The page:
Best Funds for Investing in an IRA to Minimize Taxes

Minimize Taxation By Investing in the Best Types of Funds for Your IRA

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Did you know that there are certain types of mutual funds that are best for investing in an individual retirement account (IRA)? Although your retirement goals and risk tolerance are determining factors in choosing the best funds for an IRA, there are other factors, such as taxation, to consider.

How Taxes Can Determine the Best Fund Types to Buy

Part of choosing the best mutual funds for investing will depend on what account type you are using to hold the funds. Remember that earnings on investments held in retirement accounts, sometimes referred to as tax-deferred accounts, are not taxed until withdrawal. Therefore you get to keep all of your earnings, dividends, and interest, rather than paying taxes on a portion .

Since there is no taxation of interest, dividends or gains while the investments are held in the IRA, it's smart to have a strategy for placing certain types of funds in you IRA, especially if you have multiple accounts. Mutual fund taxation works differently when the funds are held in a different account type, such as a taxable brokerage account.

Use These Funds Types in Your IRA and Other Retirement Accounts

Assuming you have a taxable brokerage account in addition to an IRA, It's wise to place tax-generating investments in the IRA and tax-efficient investments in the taxable account. If all you own is an IRA, you will allocate and invest in whatever way is appropriate for your goals and generally ignore this guidance (unless you are planning to open a taxable brokerage account in the near future).

Here are some fund types that are best for an IRA and other tax-deferred accounts:

  • Dividend Mutual Funds: Since dividends paid to investors are taxed as income in regular brokerage(non-retirement) account, mutual funds that pay dividends can be smart holdings for an IRA. This way the investor can avoid taxation from dividends while this fund type is held in the IRA.
  • Bond Funds: Bonds pay interest that is taxed as income. Mutual funds that hold bonds may also pay interest to bond fund investors. To temporarily avoid this tax investors can hold bond funds in a tax-deferred account .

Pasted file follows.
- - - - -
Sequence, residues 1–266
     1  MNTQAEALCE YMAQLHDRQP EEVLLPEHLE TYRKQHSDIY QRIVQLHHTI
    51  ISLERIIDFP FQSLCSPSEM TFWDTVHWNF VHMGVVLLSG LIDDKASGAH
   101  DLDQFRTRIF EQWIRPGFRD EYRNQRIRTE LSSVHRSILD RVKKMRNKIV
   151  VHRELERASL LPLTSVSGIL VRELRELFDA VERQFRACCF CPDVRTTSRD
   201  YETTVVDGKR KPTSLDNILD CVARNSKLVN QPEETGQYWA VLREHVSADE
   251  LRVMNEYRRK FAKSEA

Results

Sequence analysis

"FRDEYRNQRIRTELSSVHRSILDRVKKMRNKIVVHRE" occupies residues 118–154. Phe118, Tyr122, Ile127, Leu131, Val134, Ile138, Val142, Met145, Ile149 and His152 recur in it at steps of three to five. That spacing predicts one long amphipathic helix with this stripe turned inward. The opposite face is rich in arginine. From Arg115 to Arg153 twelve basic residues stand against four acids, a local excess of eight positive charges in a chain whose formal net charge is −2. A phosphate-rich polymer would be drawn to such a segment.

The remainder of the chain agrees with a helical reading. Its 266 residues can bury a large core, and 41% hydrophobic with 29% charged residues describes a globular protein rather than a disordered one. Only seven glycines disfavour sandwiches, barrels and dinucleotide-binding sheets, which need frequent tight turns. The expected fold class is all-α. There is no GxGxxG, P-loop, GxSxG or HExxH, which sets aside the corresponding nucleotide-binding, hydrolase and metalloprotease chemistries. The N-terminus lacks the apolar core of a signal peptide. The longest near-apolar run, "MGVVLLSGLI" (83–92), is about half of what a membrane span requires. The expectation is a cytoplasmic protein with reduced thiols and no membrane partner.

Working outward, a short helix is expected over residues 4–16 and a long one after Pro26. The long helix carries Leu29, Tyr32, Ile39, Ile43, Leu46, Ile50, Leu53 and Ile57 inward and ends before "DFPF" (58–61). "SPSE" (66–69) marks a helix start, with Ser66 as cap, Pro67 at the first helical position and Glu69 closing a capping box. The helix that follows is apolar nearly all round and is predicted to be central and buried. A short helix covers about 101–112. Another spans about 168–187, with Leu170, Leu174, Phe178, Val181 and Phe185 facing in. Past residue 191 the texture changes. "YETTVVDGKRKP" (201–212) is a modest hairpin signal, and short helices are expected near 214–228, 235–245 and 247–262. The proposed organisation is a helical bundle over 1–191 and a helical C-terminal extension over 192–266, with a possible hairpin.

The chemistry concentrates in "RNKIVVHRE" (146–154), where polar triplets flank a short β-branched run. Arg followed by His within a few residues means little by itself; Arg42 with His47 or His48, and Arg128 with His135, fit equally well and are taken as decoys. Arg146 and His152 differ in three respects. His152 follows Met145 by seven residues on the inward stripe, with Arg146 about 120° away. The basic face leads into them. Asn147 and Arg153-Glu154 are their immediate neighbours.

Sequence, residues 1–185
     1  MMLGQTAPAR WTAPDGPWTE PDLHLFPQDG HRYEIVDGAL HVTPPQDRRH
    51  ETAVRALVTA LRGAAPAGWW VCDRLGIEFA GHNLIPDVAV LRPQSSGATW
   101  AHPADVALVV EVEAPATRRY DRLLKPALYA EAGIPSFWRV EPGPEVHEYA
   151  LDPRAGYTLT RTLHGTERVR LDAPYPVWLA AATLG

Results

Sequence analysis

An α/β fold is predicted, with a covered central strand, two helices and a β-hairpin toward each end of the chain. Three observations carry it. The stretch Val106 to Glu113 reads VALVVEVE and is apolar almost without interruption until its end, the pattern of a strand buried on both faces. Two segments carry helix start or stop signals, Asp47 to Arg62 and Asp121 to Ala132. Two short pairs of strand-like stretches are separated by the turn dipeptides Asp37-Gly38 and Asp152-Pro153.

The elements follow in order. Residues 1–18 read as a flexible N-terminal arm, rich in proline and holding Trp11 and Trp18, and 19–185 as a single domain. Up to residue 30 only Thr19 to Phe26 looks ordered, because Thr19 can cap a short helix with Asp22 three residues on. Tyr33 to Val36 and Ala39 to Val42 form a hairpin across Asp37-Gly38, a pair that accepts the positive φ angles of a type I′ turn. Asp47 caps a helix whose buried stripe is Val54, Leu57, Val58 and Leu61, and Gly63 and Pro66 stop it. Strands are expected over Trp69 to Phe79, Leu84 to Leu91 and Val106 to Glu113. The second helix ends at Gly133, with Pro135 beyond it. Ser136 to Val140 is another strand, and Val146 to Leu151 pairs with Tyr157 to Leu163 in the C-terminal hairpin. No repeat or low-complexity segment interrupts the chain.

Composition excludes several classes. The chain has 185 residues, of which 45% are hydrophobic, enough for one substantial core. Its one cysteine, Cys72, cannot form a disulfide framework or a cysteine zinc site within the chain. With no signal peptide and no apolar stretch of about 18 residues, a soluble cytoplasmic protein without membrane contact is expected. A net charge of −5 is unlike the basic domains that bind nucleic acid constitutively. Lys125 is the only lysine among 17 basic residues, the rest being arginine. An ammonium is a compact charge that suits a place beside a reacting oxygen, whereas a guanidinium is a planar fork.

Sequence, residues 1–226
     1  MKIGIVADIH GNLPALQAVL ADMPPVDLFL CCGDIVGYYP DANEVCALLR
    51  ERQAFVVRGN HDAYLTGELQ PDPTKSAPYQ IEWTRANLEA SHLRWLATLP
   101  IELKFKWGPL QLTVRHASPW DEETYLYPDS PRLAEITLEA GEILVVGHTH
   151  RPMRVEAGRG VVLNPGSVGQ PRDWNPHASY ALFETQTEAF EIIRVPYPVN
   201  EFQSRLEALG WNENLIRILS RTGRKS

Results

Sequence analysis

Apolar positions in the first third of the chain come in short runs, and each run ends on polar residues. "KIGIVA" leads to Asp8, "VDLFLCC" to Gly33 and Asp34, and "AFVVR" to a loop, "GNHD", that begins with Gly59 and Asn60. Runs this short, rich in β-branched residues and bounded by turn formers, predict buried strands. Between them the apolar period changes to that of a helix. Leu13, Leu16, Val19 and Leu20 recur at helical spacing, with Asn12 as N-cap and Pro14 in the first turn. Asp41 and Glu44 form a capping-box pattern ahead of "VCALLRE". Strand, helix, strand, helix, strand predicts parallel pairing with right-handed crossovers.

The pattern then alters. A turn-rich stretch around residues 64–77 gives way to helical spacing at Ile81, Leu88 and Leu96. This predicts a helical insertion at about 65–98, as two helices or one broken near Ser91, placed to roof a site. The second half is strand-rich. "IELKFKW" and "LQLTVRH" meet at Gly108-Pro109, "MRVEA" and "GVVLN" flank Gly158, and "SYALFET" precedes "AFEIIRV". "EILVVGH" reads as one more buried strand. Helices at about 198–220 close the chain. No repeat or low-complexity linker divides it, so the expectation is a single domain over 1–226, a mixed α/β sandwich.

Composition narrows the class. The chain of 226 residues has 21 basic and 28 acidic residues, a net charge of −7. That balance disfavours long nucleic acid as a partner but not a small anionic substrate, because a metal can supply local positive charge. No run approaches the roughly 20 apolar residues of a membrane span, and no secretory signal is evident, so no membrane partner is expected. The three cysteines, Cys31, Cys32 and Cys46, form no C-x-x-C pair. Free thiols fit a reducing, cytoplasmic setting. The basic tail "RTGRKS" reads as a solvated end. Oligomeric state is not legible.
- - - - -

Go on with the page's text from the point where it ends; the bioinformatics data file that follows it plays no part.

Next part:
• Actively-Managed Funds: Mutual funds that are actively-managed tend to generate more capital gains distributions that passively-managed funds, such as index funds and most exchange-traded funds (ETFs). This is because actively-managed funds tend to buy and sell holdings more frequently than index funds. This trading activity may produce capital gains that are then passed along to the mutual fund shareholder .

These same tax advantaged may apply to other types of tax-deferred accounts. Other tax-deferred accounts include 401(k) plans, 403(b) plans, and the military service members'Thrift Savings Plan (TSP). These account types have similar tax advantages as IRAs.

Also be aware of trading costs and capital gains from selling mutual funds. For example, if you have a large gain from a particular mutual fund, and it's held in your IRA, you won't pay any taxes on the capital gain realized when selling the fund. If you have a taxable brokerage account, you owe taxes on realized gains .

To minimize costs in other ways, you may also consider placing fewer trades in taxable accounts and investing in mutual funds and ETFs with low expense ratios.

Bottom Line

Choosing the right funds for the right account types is part of a smart investing plan. To make your money work as hard as possible, be sure to locate the funds within your IRA that are taxed the highest. The types of mutual funds that tend to be taxed the highest include funds that pay dividends, bond funds, and actively-managed funds.

If you have taxable accounts, consider holding tax-efficient investments in them to minimize taxation. Examples of investments that are tax-efficient include passively-managed funds, such as index funds and exchange-traded funds (ETFs).

Disclaimer: The information on this site is provided for discussion purposes only, and should not be misconstrued as investment advice. Under no circumstances does this information represent a recommendation to buy or sell securities.

Article Sources

  1. IRS.gov. "Traditional IRAs." Accessed February 18, 2020.

  2. IRS.gov. "Topic No. 403 Interest Received." Accessed February 18, 2020.

  3. IRS.gov. "Question and Answer: Capital Gains Distributions." Accessed February 18, 2020.

  4. IRS.gov. "Topic 409 Capital Gains and Losses." Accessed February 18, 2020